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What do we mean by the “capital markets supply chain?”

Generally, actors in this supply chain include asset owners and allocators, intermediaries and asset managers, and portfolio company executive and senior management, middle management, and workers.

In building companies and creating value, all of these parties contribute.

High corporate executive compensation receives significant attention in the environmental, social, and governance (ESG) investment community, but asset manager compensation is largely overlooked.  Similarly, in the impact investing community, investors may be concerned with investing in products and services for the underserved, or paying a decent wage in portfolio companies, but may not consider whether extremely high fund manager compensation could undermine positive impacts at the portfolio company level when it comes to economic inequality and narrowing the wealth gap.

 

 

Phase I: Private Equity

The first phase of this project entails the development of several new private equity fund prototypes that share more profits with workers in portfolio companies – profits that would otherwise mainly reward executives and fund managers.  It is hypothesized that in addition to benefitting workers, such models have enhanced potential for stronger limited partner returns and can still offer attractive incomes to individuals working for asset managers.

The private equity asset class is an initial focus due to the significant compensation that large fund managers receive (e.g. approximate 2% management fees and 20% carried interest), as well as the ability for private equity managers to have more control and influence over their portfolio companies.  For instance, in the private equity model, it may be possible to structure opportunities for workers to participate in “carried interest profit sharing pools.” Private equity firms also are well-positioned to structure models in which portfolio company workers can participate in equity ownership of their companies.

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Predistribution or Redistribution? Not Mutually Exclusive.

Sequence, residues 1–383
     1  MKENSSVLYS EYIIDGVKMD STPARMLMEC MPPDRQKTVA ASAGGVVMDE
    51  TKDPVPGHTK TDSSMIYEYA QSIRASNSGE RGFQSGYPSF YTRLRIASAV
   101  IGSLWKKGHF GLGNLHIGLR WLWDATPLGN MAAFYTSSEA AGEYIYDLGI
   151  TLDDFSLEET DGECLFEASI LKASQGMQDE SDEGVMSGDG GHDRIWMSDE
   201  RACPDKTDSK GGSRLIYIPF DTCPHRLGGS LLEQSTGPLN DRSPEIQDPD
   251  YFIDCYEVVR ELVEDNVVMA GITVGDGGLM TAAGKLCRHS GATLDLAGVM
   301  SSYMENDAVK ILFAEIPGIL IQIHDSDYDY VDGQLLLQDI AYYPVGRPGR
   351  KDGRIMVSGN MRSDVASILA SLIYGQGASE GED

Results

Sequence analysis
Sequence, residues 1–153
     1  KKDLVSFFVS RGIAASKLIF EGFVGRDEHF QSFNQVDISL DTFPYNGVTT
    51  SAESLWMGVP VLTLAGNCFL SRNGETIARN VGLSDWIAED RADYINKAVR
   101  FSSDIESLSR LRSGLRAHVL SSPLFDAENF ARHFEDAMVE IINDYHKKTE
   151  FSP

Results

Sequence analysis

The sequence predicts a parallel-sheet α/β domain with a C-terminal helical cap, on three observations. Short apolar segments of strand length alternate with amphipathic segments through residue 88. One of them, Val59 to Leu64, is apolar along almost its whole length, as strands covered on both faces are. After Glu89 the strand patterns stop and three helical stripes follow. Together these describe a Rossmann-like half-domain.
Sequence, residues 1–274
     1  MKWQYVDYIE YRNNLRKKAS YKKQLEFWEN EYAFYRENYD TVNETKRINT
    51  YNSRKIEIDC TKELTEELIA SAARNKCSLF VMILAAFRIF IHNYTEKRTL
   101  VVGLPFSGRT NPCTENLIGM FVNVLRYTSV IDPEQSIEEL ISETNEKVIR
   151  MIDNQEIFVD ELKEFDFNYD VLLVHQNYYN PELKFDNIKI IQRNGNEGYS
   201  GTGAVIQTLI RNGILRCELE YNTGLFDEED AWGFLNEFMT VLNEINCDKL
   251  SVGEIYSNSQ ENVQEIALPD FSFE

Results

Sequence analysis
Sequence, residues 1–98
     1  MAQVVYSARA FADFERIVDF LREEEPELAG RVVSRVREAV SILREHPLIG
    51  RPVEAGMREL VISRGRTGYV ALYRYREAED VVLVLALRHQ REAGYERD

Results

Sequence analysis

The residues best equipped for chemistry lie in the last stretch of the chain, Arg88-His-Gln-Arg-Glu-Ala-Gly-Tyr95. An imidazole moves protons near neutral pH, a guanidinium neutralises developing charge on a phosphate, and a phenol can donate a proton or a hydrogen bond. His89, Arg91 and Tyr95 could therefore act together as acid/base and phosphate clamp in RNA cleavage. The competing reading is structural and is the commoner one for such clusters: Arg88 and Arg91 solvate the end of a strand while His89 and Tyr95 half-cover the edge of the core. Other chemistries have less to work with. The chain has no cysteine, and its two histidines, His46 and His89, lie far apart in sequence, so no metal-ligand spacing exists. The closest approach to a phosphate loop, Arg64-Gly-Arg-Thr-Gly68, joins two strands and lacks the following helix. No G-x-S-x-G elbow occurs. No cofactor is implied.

Many assume that the best way to address high executive and financial service industry pay is through taxes.  However, this redistribution of earnings does not address whether actors in the capital markets supply chain – particularly workers - are adequately paid for the value that they create in the first place.  The Predistribution Initiative recognizes that there are currently inefficiencies in labor and capital markets and that investors are uniquely positioned to advocate for and develop improved compensation structures.

Predistribution empowers workers through helping them build their own wealth.  Initiatives to close the wealth gap that only focus on redistribution can result in cycles of dependency on top-down social safety nets and imbalanced power dynamics.  Moreover, if we were only to focus on redistribution, we would ignore the existing cycles of wealth creation that perpetually grow economic inequality, potentially undermining redistribution efforts.

The Predistribution Initiative seeks to develop empirical and transparent methodologies to inform improved compensation structures.  In addition to key questions around how much value each actor creates and how much each puts at risk, exogenous factors such as market rates for labor, localized cost of living for various stakeholders, etc. are also being considered.  

 
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Does the Predistribution Initiative Take a Stance on Redistribution?

We recognize that much of our modern society is built on historical inequities that place today’s actors in the economy on unequal footing.  Taxes, philanthropy, and impact investing can help level the playing field for historically disadvantaged communities and people. Taxes in particular are also critical for provision of public services and resources.  While the Predistribution Initiative is supportive of efforts to advance certain redistribution strategies, it is not a focus on our work.